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by Scott Bay

May 31, 2016

Tips to improve your breaststroke, especially if you’re not a breaststroker

Although breaststroke can be extraordinarily frustrating for those of us who struggle with the stroke, you can’t simply blame it on your shape or size, because the best breaststrokers defy description. Breaststrokers come in all shapes, sizes, and techniques. So while it’s tempting to blame a lack of success with breaststroke on being too tall and willowy or too short and stocky, the the bottom line is that body type isn’t the issue. Good breaststrokers do things that most people don’t and more importantly, they know what works for them. All great breaststrokers have these things in common:

  • They know how much of their speed comes from the kick and how much comes from the pull. You may be able to muscle through other strokes with a weak kick, but not in breaststroke.
  • They push with the kick rather than wedge the legs together. This means they can feel the pressure on the water on the instep of the foot and the inside of the calves.
  • They bring the heels to the buttocks and not the knees to the chest.
  • They may be scullers or sweepers, but they know where the pitch of the hand is on the pull every time.

So how do you make the most out of what you have as a breaststroker?

Find Your Strength

Breaststroke is the only stroke that relies on a lateral kick. Freestyle and backstroke use an up-and-down flutter kick and butterfly has an up and down dolphin kick. Breaststroke relies on your ability to stay flat while generating propulsion with the legs in a horizontal plane.

Similarly, the modern breaststroke pull is the only one that sweeps out and is separate from the kick. Since the two motions are both propulsive, how much of one and how much of the other you do largely depend on whether your kick or pull is stronger.

Developing the Kick

Here are some dos and don’ts to help improve your breaststroke kick.

  • Start by standing facing a wall with your hips and knees touching the wall. If you’re standing in a shallow pool, put your elbows on the pool deck and push yourself up a bit vertically.
  • Starting one leg at a time, pull your heel up to your buttocks, push your heel away from the centerline of your body, and point your toes out to the side of the pool.
  • With the lower leg and foot in an ‘L’ shape, sweep the foot down towards the other foot.
  • You should feel the pressure on the inside of your calf and the instep of your foot.
  • Repeat this kicking motion with the other leg, and then try it using both legs at the same time.
  • Remember to push the water rather than wedge your legs together.
  • Don’t let your knees extend beyond your feet.
  • Don’t kick to the side.
  • Don’t try to overpower the water.

Developing the Pull

Here are some dos and don’ts to help improve your breaststroke pull.

  • Do start by placing a pull buoy between your legs to assist your floating. Then, put your head down into the water with your hands out in front.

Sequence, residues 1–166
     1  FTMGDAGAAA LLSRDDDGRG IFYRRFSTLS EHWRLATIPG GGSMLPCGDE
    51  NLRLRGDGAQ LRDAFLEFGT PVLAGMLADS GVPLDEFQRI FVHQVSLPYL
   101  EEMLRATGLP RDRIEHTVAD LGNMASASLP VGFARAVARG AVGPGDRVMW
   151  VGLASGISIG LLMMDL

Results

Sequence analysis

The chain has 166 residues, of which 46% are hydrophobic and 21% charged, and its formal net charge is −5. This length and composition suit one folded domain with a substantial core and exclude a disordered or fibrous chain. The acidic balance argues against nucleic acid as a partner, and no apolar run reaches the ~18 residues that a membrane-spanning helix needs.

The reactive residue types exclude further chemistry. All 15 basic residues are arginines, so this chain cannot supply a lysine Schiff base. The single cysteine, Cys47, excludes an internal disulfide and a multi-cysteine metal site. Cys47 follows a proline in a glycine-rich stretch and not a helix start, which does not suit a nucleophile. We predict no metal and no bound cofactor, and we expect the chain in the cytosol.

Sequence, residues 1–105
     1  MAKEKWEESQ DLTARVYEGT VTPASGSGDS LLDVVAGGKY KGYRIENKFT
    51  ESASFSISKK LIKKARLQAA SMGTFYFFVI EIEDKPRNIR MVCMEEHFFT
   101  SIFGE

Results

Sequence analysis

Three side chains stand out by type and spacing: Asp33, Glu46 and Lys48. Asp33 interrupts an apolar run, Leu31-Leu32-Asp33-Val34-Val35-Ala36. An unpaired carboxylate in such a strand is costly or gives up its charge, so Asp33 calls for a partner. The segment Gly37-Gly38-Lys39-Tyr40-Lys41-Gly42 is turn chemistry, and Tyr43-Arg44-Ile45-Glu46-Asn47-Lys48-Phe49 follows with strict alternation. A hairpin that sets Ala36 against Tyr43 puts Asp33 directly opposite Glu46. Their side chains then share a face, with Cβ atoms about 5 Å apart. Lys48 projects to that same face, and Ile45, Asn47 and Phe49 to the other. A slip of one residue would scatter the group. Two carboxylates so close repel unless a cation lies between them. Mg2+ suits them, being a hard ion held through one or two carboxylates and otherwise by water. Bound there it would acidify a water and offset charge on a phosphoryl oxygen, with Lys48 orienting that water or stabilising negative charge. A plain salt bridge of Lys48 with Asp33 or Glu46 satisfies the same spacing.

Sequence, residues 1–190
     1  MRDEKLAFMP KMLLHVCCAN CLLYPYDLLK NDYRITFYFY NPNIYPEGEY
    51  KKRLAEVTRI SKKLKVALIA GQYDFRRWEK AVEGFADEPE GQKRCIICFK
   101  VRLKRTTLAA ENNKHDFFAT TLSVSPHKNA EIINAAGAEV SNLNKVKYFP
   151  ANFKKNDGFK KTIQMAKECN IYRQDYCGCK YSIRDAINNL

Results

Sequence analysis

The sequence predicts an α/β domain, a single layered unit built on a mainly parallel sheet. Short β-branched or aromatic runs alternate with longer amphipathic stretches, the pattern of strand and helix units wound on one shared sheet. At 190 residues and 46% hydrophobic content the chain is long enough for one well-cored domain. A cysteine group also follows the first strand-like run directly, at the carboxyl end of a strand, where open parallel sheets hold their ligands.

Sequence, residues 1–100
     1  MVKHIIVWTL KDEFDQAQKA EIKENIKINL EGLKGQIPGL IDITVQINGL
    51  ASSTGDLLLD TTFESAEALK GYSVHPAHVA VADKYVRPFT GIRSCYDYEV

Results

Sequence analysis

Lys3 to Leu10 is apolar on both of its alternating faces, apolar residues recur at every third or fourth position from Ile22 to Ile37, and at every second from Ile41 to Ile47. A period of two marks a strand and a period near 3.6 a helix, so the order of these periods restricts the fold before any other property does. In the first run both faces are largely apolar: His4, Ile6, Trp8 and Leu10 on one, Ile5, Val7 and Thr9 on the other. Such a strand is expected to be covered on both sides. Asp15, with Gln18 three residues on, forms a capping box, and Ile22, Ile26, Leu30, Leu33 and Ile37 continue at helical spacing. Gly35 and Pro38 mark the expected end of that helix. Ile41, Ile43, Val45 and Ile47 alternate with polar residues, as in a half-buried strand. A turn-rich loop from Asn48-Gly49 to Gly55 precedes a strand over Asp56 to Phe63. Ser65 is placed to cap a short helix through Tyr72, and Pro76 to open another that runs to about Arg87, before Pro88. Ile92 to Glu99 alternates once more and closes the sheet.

• Do sweep the hands out and pitch the fingers down.
  • Do experiment with the width of the outsweep and the pitch of the hands
  • Do find how wide and what hand pitch works best for you by timing yourself.
  • Don’t let your hands extend past your shoulders.
  • Don’t push down on the water.
  • Don’t try to overpower the water.

Timing is Everything

Breaststroke timing is critical. Try these tricks to help you find your rhythm:

  • Count two hippopotamus. Kick, then wait in a streamline position for a count of two. It’s helpful to think in your head “one hippopotamus, two hippopotamus,” to give yourself a full two seconds of time to glide.
  • Pay close attention to when you kick. Make sure you’re stretched out in a streamlined position before you push with the instep of the feet.
  • Be patient. When you feel like you’re not going anywhere, avoid the urge to move all of your body parts. It takes time to feel where the water is and put pressure on it. Rushing only makes things more frustrating.


Try the following drills to improve your breaststroke.

  • Breaststroke kick on your back. This drill starts from the wall. Push off on your back with your hands at your sides for balance. Kick without letting your knees come out of the water. The purpose of this drill is to make sure you’re drawing the heels to the buttocks rather than pulling the knees up. As you kick your way down the pool remember to let the water carry you.
  • Right, left, together. This drill also starts from the wall. Whether you use a pull-out or not is up to you, but keep the hands front as you come off the wall. Once you start to slow down, pull with just your right hand first. Then take a stroke with just your left hand. Finally, take a full stroke with both hands. This drill isolates your hand movements so you can concentrate on the pitch of your hands and feel for the water. Additionally, it helps keep tension in the core so you can harness that power.

Putting it all together

The most important takeaway from these drills is finding what works for you. In addition to natural timing, natural-born breaststrokers have lots of flexibility in their hips, knees, and ankles. That doesn’t mean you can’t be a good breaststroker if you don’t have these things, but you have to experiment. Do you need a wider pull? A narrower pull? A narrower kick? A wider kick? An adjustment in body position? Extra work on the rhythm? All good questions. There are many things that work for some but not for others, so have fun trying new things and finding where your breaststroke is best.


  • Technique and Training